Sunday, December 25, 2011

Movements and ideologies - Secular Enemies

With the fall of the feudal system (not really true in many parts of India), there are no true secular enemies to fight against. Corrupts, the present day enemies,  pose a grey are for the general population. Because when it comes to money, many people have ambiguous attitude even though majority of them will never get a chance to commit corruption.

In such a situation, it becomes imperative that we change our definitions of right versus wrong. A person's integrity is irrelevant in the fight against corruption. The necessary thing is whether s/he accepts the view that an uncorrupt society is better for all and in fact can improve his/her financial status in the long run (which can be better or equal to benefits from the corrupt self). I think this attitude is better than hoping to have pure leaders to lead us in the fight against corruption. Following an ideal leader itself is self-debasing.

But the alternative of course requires our vision of future society where we can create jobs for everyone and distribute wealth justly. There are many countries with low corruption indices and which are highly successful. However, many of them have been colonial powers and others have benefited from these colonial powers. So those are not true models for a country like India. We need a model which is neither dependent upon colonies nor dependent upon exports oriented economy.

Update: 26-12-2011
There is no central point in this piece but there are some good observations along the way. The ones I'm quoting below are not.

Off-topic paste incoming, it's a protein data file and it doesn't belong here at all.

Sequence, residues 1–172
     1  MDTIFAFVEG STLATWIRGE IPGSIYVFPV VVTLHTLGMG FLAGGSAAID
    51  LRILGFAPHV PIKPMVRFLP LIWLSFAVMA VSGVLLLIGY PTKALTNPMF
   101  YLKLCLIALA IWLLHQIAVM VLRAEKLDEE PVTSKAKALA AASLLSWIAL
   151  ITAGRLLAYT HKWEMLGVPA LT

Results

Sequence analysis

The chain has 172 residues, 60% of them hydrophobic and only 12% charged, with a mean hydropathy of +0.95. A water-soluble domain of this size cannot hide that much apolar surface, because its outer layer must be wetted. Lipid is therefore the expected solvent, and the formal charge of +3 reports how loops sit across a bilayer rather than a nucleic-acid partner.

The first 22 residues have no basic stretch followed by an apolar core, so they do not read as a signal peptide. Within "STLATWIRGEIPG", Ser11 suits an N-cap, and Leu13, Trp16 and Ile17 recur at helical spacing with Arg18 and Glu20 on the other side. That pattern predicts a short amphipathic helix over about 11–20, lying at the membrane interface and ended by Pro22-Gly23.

When you're inside a myth it looks like fact, and for those who were inside the myth of the end of history it seems to have given a kind of peace of mind.
         Surely we would be better off if we put an end to our obsession with endings.

It appears some Europeans are losing big picture in their economic turmoil. Let's see the other side. Or the present society. A recent study sums up the situation quite beautifully.
Why do we stick up for a system or institution we live in -- a government, company, or marriage -- even when anyone else can see it is failing miserably? Why do we resist change even when the system is corrupt or unjust?

When we feel we can't escape a system, we adapt. That includes feeling okay about things we might otherwise consider undesirable.

The point of concern is not whether utopians really seek for a peaceful ending but the common people feeling that the present situation as the best of all endings. 

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